Pumpkin is everywhere! Literally! Go to the stores and you will see the aisles filled with pumpkin butter, pumpkin bread, pumpkin soda, pumpkin pasta sauce and of course the always anticipated pumpkin spice latte. I though I would do a little pumpkin-ing myself, but this isn’t your traditional pumpkin recipe. Actually if we are going to get super technical this is a kabocha squash recipe, but allow me to explain.
Back home in Puerto Rico it hard to find a traditional pumpkin. You know the big orange pumpkin that gets carved with silly scary faces for Halloween. They aren’t impossible to find, but it’s slim pickings. What can be found in PR is the kabocha squash, in fact, it can be found growing in the wild. When referencing pumpkin or calabaza in PR it’s the kabocha squash.
In Puerto Rico kabocha is typically sold in slices because people are looking for the bright orange color. The kabocha squash’s flesh is firmer than a pumpkin but much sweeter. It a great option for any “pumpkin” dessert.
These little fritters are always a popular treat, and they even have a funny little name. Barriguitas de Vieja literally translates to “Old Lady Bellies”. Yup, you heard that right, “Old Lady Bellies”. The name is a play on how the fritters look, they are round, a little wrinkly and have a dimple in the center, like an old lady’s belly. They are also called Tortitas de Calabaza which means pumpkin fritters, but that’s not as fun to say.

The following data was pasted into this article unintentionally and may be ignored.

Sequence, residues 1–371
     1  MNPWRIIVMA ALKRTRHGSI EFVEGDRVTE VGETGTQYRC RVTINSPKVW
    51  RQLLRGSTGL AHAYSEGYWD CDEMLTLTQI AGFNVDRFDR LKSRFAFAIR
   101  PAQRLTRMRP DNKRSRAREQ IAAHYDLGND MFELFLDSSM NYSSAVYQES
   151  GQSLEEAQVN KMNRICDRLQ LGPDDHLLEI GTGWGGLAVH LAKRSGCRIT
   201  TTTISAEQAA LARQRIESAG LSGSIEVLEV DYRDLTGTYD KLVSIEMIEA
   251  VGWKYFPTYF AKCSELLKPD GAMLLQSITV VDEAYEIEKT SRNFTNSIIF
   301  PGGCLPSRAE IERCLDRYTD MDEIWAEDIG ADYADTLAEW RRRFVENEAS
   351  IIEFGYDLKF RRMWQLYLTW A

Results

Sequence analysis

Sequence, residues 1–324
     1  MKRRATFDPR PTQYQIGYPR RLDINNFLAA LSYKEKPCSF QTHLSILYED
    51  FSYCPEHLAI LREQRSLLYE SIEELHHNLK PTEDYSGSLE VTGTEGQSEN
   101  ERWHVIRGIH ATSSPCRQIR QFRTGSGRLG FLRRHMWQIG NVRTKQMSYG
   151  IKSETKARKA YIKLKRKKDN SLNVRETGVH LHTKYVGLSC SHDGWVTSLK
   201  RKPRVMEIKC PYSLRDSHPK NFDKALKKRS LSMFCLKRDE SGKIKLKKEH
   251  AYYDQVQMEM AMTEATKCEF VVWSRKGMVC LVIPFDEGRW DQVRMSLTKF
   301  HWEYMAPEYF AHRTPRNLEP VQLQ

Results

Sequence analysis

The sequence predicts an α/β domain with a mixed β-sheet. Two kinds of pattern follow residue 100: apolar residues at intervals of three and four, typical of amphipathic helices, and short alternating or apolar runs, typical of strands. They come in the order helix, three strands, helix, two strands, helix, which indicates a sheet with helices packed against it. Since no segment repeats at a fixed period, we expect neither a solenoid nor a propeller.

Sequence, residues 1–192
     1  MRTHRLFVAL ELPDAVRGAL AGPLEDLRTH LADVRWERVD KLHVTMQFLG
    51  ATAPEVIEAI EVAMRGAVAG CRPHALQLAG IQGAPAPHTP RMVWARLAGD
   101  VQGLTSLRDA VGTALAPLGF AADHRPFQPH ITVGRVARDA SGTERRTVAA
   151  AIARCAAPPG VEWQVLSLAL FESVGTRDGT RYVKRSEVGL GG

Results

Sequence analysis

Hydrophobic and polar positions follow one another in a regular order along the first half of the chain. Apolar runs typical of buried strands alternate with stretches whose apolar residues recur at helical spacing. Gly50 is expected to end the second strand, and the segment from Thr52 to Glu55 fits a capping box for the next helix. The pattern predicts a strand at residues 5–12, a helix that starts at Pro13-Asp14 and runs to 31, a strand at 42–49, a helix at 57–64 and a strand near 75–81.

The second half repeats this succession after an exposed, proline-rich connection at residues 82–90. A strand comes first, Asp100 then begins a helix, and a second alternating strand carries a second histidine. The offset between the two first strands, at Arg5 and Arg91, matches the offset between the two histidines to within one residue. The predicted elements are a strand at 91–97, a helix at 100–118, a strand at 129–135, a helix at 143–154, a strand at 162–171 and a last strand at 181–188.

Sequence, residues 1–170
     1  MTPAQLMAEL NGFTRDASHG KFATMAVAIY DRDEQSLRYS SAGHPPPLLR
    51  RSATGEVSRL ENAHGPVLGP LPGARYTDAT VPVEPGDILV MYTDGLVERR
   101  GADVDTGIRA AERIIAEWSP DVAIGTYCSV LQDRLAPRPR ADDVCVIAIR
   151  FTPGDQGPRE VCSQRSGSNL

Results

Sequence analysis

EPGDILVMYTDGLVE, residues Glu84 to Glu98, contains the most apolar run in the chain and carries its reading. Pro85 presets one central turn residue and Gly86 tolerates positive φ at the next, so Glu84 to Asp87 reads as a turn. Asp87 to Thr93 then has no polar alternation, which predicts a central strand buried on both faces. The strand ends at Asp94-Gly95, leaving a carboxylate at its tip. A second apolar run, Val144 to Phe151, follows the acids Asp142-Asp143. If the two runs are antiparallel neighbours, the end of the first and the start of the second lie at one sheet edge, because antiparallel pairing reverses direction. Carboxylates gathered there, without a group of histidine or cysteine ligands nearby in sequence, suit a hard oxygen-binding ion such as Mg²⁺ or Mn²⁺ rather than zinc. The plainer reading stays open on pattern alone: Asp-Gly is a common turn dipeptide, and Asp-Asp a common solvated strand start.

Although these little fritters look like a little old lady’s wrinkly belly, they are absolutely delightful. Let’s make some barriguitas!
Break the kabocha down into wedges. Pre-heat and oven to 400 degrees. Generously spray a sheet pan with non-stick spray or line with parchment paper. Place wedges on a sheet pan.
Roast in the oven for 40 minutes or until fork tender, turning half way.
When the squash is cool enough to handle, scoop the flesh into the food processor and blend until smooth.
Add flour to puréed squash, pulse until just combined.
Add egg, sugars, spices, vanilla & salt. Pulse until well combined. At this point you can give the mixture a taste and add more spices or sugar if desired.
Transfer the mixture to a bowl.
Heat a skillet with 1 1/2 inch of vegetable oil to 350 degrees. Using two spoons scoop some of the mixture into one spoon and use the other to scrape mixture into hot oil. It should quickly form a shell and begins to lightly float. Using a fork quickly flip and press down with the back of the fork to form a patty, flip back. Fry each side until golden orange. The fritters should be firm when pressed with the back of the fork.
Transfer to a plate lined with paper towels to drain.
Serve dusted with powdered sugar or with a side of ice cream or with a cup of chai latte!
The fritters should be crispy on the outside and tender on the inside. Almost like a soft cakey donut with crispy edges.
These little fritters pack a serious pumpkin punch. Like slap your mama with a pumpkin kind of punch. Not that I am endorsing the slapping of your mama. That would be muy malo!!
I highly recommend you add these to your pumpkin repertoire this Fall, and when your friends or family ask you what you are making just say “old lady bellies” followed by an evil cackling laugh, perfect for Halloween. Although I have not tried it you can substitute the kabocha squash with and equal amount of pumpkin or butternut puree. However if substituting, try the mixture with one egg first. Pumpkin and butternut flesh is softer than kabocha and you don't want to end up with a runny mixture.
Although I have not tried it you can substitute the kabocha squash with and equal amount of pumpkin or butternut puree. However if substituting, try the mixture with one egg first. Pumpkin and butternut flesh is softer than kabocha and you don't want to end up with a runny mixture.